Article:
Also see Part 2 and Part 3


There has been a Cambrian explosion of generative AI models, popularized by OpenAI’s ChatGPT. This reflects the overnight success after decades of work in the NLP space. In fact, some experts suggest that ChatGPT is ‘not particularly innovative’. After many decades of slow progress, the 2010s showed great promise. Between 2015-2018, LSTM improved the state of the art. However, it was the Transformer from Google in 2017 that was largley responsible for the current hype around Generative AI. The breakneck speed of development in this area makes it hard to keep track of the current state, even for experts. It is even harder to forecast how these models can be leveraged to enhance business processes, both for efficiency and informing investment processes for traders and portfolio managers. Thus, the keen student will listen for tense when speaking about the subject. It is easy to make predictions about the future and be wrong. Past and present tense is a good place to start when the interest is for practical implications.

A Very Brief History of LLMs

The invention of the Transformer architecture could be considered the genesis of this current wave of Large Language Models (LLMs). It allows models to achieve large scale with two novel features. First, it allows for parallel processing, in place of sequential processing, thus reducing training time. Second, the self-attention mechanism allows each step to have access to all other steps. With the Transformer, the arms race had begun. Model scales ballooned from 345M BERT (2018) to 1.5B GPT-2 (2019) to 175B GPT-3 (2020) and to the newest models with 500B+ (PaLM, GPT-4). The size of the model reflects its capacity to encode digitized human knowledge. There was an observed phase shift at ~50B parameters that resulted in emergent abilities. These novel features set off the imagination and created a shift in language research from “task-specific models to large foundational models”.

LLM Proliferation - It’s Not Just ChatGPT

While OpenAI’s ChatGPT has captured the imagination of the general public, the LLM landscape is vast and growing rapidly with several closed and open source alternatives. Figure 1 is a good illustration with a timeline, taxonomy, and company association. Listing out the plethora of models is a cottage industry. Table 1 gives 5 good references listing out models.

Table 2 is my own curated list by company. The largest publicly traded companies, Meta, Google and Microsoft, all have different business model approaches to LLMs. Meta is open sourcing with the idea that it benefits from an ecosystem for users. Microsoft seems to be content with an OpenAI partnership and is busy integrating into their product suite. Google has been the intellectual giant and leader in the space, inventing the transformer, but has largely been criticized for not leveraging fully. In the recent I/O, they created some excitement around monetization within their own product suite, although the impact remains to be seen.

Table 1: References to comprehensive surveys of LLMs.
Source Enumerating LLMs Comments
Ecosystems Graphs website Has a table with dependency graph; comprehensive, but might be too much information.
A Survey on ChatGPT and Beyond Paper. Nice picture showing LLM etymology (reproduced here). Good discussion on practical usage.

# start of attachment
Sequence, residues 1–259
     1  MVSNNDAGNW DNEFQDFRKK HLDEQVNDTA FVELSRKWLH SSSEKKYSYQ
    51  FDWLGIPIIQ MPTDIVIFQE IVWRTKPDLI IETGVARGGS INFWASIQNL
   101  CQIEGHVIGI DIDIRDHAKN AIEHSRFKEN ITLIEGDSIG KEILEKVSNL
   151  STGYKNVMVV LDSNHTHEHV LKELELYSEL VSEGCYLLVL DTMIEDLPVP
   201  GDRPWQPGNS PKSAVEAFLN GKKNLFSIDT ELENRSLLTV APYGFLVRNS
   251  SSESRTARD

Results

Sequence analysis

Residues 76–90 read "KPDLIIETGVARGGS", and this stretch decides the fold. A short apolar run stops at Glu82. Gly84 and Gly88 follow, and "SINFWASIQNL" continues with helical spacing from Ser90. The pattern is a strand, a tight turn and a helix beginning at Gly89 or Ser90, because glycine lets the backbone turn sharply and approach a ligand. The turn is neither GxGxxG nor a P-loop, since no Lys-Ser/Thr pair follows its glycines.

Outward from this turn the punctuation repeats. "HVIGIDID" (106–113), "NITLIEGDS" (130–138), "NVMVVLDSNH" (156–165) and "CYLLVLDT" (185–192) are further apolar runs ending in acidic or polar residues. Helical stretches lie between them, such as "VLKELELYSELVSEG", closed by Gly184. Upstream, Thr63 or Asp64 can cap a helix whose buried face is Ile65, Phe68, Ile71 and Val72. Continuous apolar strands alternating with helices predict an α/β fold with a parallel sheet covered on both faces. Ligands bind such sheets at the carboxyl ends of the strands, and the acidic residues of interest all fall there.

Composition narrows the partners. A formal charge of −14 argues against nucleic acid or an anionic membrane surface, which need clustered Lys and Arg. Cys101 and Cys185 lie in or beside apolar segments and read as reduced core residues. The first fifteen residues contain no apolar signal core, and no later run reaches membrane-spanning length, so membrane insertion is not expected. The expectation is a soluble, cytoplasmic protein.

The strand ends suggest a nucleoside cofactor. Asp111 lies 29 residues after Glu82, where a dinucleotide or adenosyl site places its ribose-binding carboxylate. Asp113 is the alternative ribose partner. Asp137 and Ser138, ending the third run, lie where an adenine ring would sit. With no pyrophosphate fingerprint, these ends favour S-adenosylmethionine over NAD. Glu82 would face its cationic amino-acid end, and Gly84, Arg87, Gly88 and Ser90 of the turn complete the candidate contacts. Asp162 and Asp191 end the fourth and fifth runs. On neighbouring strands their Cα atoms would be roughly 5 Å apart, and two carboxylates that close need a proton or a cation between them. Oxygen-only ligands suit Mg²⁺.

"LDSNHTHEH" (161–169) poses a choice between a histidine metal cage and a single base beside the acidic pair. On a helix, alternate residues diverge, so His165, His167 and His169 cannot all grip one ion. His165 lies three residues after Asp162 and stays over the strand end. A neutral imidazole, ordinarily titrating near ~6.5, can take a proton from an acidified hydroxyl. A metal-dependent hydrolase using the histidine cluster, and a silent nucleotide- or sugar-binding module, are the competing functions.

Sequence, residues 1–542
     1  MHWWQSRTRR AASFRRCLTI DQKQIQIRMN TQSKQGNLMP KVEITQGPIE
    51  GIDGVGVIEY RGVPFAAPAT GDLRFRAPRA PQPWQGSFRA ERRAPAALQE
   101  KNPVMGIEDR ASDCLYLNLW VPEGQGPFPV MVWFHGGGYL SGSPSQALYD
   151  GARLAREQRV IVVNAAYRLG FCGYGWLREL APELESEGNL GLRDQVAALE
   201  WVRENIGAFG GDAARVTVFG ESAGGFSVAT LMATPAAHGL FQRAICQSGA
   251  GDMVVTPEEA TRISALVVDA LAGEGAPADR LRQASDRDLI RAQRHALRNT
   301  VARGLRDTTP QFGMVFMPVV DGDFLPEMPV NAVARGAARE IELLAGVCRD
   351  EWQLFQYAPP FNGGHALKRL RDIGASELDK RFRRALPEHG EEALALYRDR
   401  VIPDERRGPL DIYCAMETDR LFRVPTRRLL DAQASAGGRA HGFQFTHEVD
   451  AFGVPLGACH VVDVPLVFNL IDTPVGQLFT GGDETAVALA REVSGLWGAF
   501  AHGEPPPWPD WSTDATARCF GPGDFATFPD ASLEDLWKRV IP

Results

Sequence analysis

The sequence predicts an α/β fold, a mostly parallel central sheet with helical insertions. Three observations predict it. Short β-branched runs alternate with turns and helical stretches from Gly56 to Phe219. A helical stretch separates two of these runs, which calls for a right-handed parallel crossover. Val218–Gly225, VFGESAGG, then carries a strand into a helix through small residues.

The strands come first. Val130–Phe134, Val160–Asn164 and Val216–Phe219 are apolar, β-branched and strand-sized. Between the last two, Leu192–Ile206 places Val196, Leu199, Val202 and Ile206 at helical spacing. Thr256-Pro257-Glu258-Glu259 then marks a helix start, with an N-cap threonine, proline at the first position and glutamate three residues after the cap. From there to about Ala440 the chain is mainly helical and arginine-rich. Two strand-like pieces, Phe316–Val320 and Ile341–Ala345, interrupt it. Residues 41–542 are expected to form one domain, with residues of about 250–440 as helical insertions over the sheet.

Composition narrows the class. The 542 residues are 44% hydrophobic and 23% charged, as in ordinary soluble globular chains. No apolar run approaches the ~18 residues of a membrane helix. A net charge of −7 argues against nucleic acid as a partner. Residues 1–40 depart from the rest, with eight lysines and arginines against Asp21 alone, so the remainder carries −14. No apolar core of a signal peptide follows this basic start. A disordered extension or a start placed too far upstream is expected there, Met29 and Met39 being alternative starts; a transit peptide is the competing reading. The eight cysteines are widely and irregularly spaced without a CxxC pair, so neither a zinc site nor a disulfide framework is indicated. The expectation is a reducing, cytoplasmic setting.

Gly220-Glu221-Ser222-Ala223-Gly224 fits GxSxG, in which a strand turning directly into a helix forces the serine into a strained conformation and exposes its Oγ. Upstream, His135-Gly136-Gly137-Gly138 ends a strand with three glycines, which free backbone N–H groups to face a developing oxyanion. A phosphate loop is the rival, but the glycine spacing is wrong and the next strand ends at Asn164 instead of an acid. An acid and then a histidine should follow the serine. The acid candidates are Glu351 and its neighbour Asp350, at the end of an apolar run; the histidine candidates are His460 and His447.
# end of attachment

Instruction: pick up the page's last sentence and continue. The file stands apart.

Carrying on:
The Ultimate Battle of Language Models Includes the model sizes and licensing information, which has useful practical implications.
LLaMA-Cult-and-More overview table FNice for fine tuning information.
A Survey of Large Language Models Comprehensive paper. Good understanding of history, evaluation techniques and available tools.
Table 2: Curated list of LLMs by Company
Company Market Cap / Valuation
(as of May ‘23)
Model Name
(all text-to-text unless otherwise indicated)
OpenAI $30B (Private, est) GPT series, DALL-E (image), Codex (code)
Meta $630B (Public) LLAMA, Galactica, ImageBind, DinoV2, SegmentAnything, SpeechFromBrain, iPEER
Google $1.5T (Public) PaLM, LaMDA, FLAN
DeepMind Subsidiary of Google Chinchilla, Gopher, Flamingo, AlphaCode
HuggingFace $2B (Private, est) CodeGen, BLOOM
Other n/a StableDiffusion (Runway), Midjourney (LeapMotion)
Microsoft $2.4T Notably, have partnered with OpenAI and have no specific model they have advertised themselves.


Figure 1: Reproduced from here

GPT Series Explained

GPT gets special mention given its pervasiveness in mainstream culture. Subjectively, the GPT evolution can be segmented into 3 stages based on a survey paper. Note that while the original Transformer follows an encoder-decoder architecture, the GPT series uses a lightly modified version, which is decoder only. Figure 1 shows how it is mostly Google (which has models in both types) that is still continuing to follow the encoder-decoder, while most research and development is on the encoder-decoder branch.

Phase 1- Early Explorations: After the Transformer in 2017, GPT1 came out in 2018 with 120M parameters, followed by GPT-2 in 2019 with 1.5B parameters.

Phase 2- Capacity Leap: In 2020, OpenAI released GPT-3 with 175B parameters. Emergent abilities was a notable feature where in-context learning (ICL) allowed for zero- and few- shot learning. There are no specific number of parameters required to be an LLM, but somewhere at the 50-100B mark there is a phase shift in model behavior, and is commonly recognized (subjectively) as the threshold. .

Phase 3- Capacity Enhancement: Beyond GPT-3, there were two enhancements. First, training on code, which is believed to increase the chain-of-thought prompting abilities. Second, human alignment, which consists of instruction-tuning and is further enhanced with RLHF (reinforcement learning with human feedback). This led to InstructGPT, GPT-3.5, and ChatGPT in November 2022. Finally, GPT-4 was released in 2023 with (purportedly) a whopping 1T parameters.